Johnny Bench, Barry Bonds make All-Legal Team

Sat, Jan 22
8:31
AM ET
Barry BondsAP Photo/Marcio Jose SanchezBarry Bonds, who is dealing with his own legal troubles, makes Page 2's All-Legal Team.

We, the jury, in the above entitled action find you guilty of curiosity and good taste and affix your punishment at time served. Plus however long it takes you to read the All-Legal Team.

David Bailiff: The current Rice football coach can tell you that his is one of the toughest jobs in the country, but he'll probably admit that the admissions standards and the school's small size do have upsides. Specifically, coach Bailiff's players seldom encounter deputized bailiffs, whose jobs normally involve keeping the peace in a courtroom.

Johnny Bench: A reasonable man might assume that because of his real name and his nickname ("The Little General), Bench was the chief justice of the Reds' kangaroo court, the informal, in-house tribunal that sentences players to fines for everything from bad haircuts to missing cut-off men. But there's little evidence to suggest the catcher was in charge. The kangaroo court tradition is most often associated with the guy the Reds traded to Baltimore in December 1965, Frank Robinson.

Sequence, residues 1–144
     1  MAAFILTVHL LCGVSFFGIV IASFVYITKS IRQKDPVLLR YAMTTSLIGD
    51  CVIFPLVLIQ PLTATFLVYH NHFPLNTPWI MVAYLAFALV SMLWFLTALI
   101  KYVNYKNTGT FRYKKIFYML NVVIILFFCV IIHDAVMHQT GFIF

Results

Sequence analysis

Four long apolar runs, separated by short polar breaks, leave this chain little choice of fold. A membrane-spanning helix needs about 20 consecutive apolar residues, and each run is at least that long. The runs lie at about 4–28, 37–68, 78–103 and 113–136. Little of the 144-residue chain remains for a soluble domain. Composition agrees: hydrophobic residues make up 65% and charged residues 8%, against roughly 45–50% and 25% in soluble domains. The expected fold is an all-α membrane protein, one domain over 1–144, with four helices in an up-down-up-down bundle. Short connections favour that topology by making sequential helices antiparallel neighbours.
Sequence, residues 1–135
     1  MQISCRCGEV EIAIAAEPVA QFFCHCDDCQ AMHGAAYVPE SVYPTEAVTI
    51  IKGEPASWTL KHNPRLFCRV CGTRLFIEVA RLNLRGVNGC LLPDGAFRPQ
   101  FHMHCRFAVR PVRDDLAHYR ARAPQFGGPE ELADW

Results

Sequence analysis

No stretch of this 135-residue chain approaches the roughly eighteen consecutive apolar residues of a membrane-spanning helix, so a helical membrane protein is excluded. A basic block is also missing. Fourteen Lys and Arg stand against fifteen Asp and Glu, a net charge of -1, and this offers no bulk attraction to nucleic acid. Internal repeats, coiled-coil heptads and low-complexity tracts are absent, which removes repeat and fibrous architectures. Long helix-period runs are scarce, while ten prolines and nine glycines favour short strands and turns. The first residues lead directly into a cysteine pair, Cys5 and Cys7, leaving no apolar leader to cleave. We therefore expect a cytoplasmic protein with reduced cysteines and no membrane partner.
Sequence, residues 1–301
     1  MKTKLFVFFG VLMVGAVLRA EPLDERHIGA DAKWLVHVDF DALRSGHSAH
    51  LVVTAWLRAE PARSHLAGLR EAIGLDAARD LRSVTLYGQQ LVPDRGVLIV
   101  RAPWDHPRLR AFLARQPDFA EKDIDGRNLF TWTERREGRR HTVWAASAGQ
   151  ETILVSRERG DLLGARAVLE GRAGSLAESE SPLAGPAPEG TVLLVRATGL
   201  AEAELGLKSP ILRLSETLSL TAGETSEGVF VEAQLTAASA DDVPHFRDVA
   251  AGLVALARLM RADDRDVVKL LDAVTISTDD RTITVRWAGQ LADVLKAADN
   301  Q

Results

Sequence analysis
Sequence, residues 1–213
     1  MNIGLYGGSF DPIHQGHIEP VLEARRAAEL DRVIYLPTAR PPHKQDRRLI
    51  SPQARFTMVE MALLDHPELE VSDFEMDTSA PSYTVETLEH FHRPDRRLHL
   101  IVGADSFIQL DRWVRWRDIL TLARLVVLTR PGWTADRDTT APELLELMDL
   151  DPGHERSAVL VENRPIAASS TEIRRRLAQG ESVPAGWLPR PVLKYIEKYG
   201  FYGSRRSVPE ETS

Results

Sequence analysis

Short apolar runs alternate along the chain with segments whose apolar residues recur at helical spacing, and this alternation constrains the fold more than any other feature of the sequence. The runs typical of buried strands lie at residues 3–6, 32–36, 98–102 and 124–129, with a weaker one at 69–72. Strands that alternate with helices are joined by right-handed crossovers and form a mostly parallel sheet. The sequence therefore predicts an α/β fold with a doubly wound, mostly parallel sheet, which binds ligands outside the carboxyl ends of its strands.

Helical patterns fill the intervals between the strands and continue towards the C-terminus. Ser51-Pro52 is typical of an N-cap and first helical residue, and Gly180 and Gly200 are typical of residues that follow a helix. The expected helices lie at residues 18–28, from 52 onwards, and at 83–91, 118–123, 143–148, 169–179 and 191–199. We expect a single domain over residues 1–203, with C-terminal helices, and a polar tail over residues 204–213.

Barry Bonds: The slugger hasn't had to post bond or anything except denials of steroid use, and most experts think the feds will have a hard time convicting him of perjury -- especially in the Northern District of California -- when his trial gets going in March.

Margaret Court: One of the most underrated athletes in history, Court ruled tennis with an iron fist. And a versatile one, for that matter. She was born a lefty but switched to the right hand as a kid and never regretted it. Her total of 24 Grand Slam singles titles remains a record 37 years after her final victory. She won the natural Grand Slam in 1970, claiming the Australian, French, Wimbled and U.S. Open championships in the same calendar year. We could go on and on, but since the Constitution requires a speedy process, we proceed.

Darnell Dockett: Much like players who majored in criminal justice, the mention of Dockett's last name during his Florida State playing days (2000-03) evoked guffaws from cynics as the Seminoles racked up court appearances and wins in seemingly equal measure. Dockett himself was arrested on a felony theft charge while at FSU but pled to a lesser offense and has generally been a solid NFL citizen. On the field, he helped the Arizona Cardinals come within a hair of a Super Bowl title two seasons ago.

Lawyer Milloy: After a distinguished career, the 37-year-old defensive back may have to step aside, citing conflict of interest. (If he's interested in getting a continuance, which NFL executives, according to some reports, aren't.) Wide receivers will not object. Milloy was the co-captain of a Super Bowl-winning Patriots defense a decade ago and a solid player thereafter.